Below is a copy of a statement made available to the public by George Smith, Executive Director for the Sportsman’s Alliance of Maine. This article is in response to the concerns of sportsmen whose email addresses were obtained by SAM through Maine’s Freedom of Access Act law. Following this letter, please find my response.

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Email Address Purchase Explanation

By George Smith

January 28, 2010

I am disappointed, discouraged, and yes, a bit angry at the way the Department of Inland Fisheries and Wildlife has handled SAM’s purchase of the department’s list of email addresses. Here’s the whole unvarnished story.

Maine’s Freedom of Access Act (FOAA) was enacted to bring transparency to our government. I believe secrets have no place in state government and everything state employees know, we should know.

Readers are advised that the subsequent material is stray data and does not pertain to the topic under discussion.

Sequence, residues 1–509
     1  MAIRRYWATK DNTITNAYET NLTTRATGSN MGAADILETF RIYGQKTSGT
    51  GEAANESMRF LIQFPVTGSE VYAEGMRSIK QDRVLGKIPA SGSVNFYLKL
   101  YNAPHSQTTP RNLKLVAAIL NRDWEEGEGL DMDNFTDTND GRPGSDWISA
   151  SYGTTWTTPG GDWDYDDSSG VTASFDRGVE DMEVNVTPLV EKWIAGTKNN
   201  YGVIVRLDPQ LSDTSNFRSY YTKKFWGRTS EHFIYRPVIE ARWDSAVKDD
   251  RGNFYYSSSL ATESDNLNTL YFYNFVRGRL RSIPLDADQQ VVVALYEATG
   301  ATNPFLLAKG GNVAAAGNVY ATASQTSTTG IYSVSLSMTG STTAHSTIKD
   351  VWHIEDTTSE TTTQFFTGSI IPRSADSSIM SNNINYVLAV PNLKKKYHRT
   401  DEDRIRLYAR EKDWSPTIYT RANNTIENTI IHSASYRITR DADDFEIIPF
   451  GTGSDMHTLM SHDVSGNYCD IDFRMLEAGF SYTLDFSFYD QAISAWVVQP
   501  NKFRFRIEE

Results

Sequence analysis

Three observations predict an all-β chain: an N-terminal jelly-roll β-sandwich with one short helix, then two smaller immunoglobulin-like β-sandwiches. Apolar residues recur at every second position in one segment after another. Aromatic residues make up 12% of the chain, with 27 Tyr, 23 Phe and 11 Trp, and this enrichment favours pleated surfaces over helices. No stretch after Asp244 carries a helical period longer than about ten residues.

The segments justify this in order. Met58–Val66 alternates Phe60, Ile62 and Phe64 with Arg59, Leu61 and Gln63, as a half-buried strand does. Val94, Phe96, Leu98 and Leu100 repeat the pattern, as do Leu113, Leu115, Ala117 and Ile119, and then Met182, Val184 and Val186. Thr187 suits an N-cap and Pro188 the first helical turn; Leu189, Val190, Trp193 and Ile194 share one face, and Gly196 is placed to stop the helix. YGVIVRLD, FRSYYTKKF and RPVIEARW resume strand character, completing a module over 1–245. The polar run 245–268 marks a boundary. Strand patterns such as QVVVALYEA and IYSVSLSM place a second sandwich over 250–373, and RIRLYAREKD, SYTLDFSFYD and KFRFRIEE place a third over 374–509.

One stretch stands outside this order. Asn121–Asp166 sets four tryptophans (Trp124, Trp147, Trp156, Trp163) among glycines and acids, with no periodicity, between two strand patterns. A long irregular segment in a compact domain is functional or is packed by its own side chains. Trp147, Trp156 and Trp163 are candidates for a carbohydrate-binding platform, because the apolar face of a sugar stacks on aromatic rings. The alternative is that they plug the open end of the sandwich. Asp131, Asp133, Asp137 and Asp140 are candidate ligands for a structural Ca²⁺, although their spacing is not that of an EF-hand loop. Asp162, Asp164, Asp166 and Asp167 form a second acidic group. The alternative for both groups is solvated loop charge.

Nearly all information gathered by or created by state agencies is available to the public, from research reports to draft policies to databases. The State of Maine FOAA website (www.maine.gov/foaa/) explains this law and the process required to request information. FOAA requests are received regularly at DIF&W and other agencies and are routinely processed.

SAM was a charter member of Maine’s Freedom of Information Coalition, and I served on the Coalition’s board of directors for several years. SAM remains an active member of the Coalition.

The Coalition has been working, inside and outside the legislature, on FOAA issues including questions about what if any information deserves protection in this new technological age. I do not believe email addresses will ever be protected, any more than mailing addresses have been, but we’ll see.

Every state agency is required to abide by the FOAA. DIF&W has provided information on its licensees for decades to all who asked, including political parties and candidates, businesses, and nonprofits. Included in the information DIF&W provides are your name, address, and licenses purchased.
When you get those “Dear Sportsmen” letters from political candidates, where do you think they got your name and address? DIF&W, of course.